If you’re a non-profit worker, chances are you are offered 403(b) plan to save for retirement. However, most retirement content focuses on more common 401(k) plans that most corporations offer. Though 403(b) plans are similar in some ways and serve the same basic purpose, it’s important to be aware of what makes 403(b) plans unique.

Tax Deferred Saving

Probably the best thing about a 403(b) plan is that it’s a tax-deferred way to save for retirement. You can typically save into your 403(b) plan tax free. That’s in contrast to the remainder of your income, which is potentially subject to income tax. When your money is sheltered from tax you keep more of it and it can grow faster.

The money in your 403(b) can generally grow tax-free until retirement. Once in retirement, you may have to pay tax on the money that you withdraw from your 403(b) plan. Still, there’s a decent chance you’ll be in a lower tax-bracket in retirement and of course you’ll have benefited from your money growing tax-free up to that point.

Many people like this set up, it’s worth noting that if you think income tax rates will rise dramatically between now and retirement or your own income tax is very low now compared to retirement, then a 403(b) plan may be less attractive for you. Still, there’s not too much of a catch here. The government wants people to save for retirement and have set up 403(b) plans to encourage it.

403(b) Plan Quality Varies

Unfortunately the quality of 403(b) plans does vary. The best plans contain a range of low-cost Exchange Traded Funds (ETFs). These mean that you can build a portfolio that meets your needs or simply hold a l0w-cost target date fund that handles the portfolio construction for you.

Generally, you want your ETFs to have fees of under 0.5% and hopefully under 0.2% for mainstream asset classes. The majority of ETFs just track an index, which doesn’t require any skill and so you shouldn’t overpay as performance isn’t likely to improve, in fact it will probably worsen as higher fees just eat into your savings according to most academic studies.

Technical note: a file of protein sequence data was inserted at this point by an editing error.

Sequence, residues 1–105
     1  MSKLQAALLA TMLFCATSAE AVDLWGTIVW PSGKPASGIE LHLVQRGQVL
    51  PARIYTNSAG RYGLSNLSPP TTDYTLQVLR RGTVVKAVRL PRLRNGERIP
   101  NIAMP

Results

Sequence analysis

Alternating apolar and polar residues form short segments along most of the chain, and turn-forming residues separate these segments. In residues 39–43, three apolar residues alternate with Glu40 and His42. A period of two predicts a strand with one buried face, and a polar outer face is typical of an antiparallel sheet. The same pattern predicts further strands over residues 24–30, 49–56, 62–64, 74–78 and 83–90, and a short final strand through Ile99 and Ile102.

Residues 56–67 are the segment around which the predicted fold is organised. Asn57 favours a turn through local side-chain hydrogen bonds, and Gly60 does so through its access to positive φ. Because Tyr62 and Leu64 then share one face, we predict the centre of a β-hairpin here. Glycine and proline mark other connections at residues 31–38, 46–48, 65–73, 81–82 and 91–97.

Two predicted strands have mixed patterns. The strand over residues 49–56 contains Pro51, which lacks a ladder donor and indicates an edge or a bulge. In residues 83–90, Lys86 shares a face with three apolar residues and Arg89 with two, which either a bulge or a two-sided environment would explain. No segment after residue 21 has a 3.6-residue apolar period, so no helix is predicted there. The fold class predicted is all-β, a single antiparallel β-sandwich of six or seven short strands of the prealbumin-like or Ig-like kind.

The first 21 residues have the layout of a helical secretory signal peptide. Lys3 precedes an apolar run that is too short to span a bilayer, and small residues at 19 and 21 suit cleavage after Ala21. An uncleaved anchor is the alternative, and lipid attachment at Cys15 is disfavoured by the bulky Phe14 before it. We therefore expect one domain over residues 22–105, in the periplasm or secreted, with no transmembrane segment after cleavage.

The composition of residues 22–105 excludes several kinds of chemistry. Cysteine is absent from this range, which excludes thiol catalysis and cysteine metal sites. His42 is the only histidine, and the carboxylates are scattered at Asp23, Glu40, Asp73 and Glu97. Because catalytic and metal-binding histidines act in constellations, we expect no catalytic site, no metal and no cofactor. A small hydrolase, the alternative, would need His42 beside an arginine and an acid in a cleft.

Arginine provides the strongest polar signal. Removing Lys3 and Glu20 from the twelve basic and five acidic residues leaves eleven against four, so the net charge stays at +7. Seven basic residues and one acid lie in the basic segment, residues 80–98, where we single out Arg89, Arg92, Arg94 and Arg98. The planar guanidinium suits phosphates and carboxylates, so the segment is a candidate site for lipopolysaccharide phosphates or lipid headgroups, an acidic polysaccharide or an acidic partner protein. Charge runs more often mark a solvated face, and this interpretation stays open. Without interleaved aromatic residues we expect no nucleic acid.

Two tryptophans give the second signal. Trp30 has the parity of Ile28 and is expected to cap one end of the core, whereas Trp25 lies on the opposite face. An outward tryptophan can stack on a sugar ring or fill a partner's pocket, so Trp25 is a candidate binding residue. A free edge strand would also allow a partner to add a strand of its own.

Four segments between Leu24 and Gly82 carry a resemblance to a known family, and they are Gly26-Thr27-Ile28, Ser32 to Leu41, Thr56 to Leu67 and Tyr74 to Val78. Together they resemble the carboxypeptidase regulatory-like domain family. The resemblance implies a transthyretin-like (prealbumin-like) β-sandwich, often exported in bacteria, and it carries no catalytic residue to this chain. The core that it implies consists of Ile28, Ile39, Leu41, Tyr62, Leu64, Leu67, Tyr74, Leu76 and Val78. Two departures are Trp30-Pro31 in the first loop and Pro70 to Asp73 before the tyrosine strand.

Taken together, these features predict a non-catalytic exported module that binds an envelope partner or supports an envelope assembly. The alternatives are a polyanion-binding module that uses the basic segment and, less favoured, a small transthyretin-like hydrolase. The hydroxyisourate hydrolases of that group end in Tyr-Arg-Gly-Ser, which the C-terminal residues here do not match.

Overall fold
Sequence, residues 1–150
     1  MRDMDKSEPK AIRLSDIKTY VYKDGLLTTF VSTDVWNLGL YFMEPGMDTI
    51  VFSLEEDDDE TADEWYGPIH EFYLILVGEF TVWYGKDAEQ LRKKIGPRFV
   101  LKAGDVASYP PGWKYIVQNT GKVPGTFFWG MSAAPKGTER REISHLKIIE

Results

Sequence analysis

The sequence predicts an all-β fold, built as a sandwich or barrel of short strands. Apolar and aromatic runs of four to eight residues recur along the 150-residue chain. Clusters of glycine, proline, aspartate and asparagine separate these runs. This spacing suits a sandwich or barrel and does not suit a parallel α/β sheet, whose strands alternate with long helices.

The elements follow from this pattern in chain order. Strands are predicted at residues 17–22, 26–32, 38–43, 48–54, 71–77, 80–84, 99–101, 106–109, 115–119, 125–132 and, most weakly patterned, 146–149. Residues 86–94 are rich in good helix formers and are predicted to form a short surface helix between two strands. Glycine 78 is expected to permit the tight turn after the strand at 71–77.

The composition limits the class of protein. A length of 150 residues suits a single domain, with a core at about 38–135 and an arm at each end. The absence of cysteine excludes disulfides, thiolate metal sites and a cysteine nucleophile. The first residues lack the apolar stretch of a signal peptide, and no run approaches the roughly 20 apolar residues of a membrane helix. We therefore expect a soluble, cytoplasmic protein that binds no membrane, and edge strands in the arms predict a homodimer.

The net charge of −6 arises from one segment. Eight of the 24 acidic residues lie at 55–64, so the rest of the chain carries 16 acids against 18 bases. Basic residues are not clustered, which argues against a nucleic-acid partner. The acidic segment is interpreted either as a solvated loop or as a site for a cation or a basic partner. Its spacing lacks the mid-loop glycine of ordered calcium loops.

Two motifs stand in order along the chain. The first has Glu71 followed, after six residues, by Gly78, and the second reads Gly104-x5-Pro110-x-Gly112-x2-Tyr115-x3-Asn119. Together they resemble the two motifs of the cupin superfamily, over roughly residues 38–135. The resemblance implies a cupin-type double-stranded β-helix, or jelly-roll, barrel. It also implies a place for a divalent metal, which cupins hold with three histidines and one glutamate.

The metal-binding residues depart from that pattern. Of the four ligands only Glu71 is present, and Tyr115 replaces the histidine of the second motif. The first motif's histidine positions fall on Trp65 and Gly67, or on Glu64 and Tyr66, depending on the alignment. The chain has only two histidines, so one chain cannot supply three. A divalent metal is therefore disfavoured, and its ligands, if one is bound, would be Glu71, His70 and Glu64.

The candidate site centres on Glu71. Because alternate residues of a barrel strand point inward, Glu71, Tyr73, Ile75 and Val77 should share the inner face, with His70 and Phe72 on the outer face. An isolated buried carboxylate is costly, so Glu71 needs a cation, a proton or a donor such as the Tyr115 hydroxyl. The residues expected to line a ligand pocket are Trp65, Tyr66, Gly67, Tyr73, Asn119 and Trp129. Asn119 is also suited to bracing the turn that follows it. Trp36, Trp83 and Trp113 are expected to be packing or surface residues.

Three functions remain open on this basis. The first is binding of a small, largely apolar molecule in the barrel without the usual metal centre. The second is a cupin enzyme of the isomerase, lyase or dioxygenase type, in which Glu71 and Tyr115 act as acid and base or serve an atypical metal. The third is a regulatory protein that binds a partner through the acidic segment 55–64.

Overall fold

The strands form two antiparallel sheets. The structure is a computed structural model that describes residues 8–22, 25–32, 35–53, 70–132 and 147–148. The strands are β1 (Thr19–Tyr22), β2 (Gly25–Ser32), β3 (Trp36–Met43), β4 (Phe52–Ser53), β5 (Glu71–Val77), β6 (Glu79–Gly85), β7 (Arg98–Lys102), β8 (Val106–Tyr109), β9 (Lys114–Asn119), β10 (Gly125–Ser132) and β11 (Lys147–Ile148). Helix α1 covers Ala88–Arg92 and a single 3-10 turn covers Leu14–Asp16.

However, less attractive 403(b) can contain things like annuities and insurance. Unfortunately, these can be a better deal for the person selling you the product than your retirement prospects. If these products are on offer, you may want to be cautious. Better investment products generally don’t involve a salesperson, so if a salesperson is involved, that’s a red flag.


Another important thing to check is if your 403(b) plan is covered by ERISA (Employee Retirement Income Security Act of 1974) if so that’s probably good news. ERISA is a set of basic standards set by the Department of Labor that mean the plan is more likely to be managed in a way that’s more aligned with your interests.

If your 403(b) isn’t subject to ERISA then there are fewer safeguards in place and your 403(b) may contain products that are a better deal for the salesperson than for you. You’re a little more on your own without ERISA protection. So if you have a 403(b) plan that is not covered by ERISA and you are being sold things like annuities and insurance under the plan, than you may want to be cautious.


Don’t assume that a 403(b) plan that isn’t covered by ERISA is looking out for your retirement needs.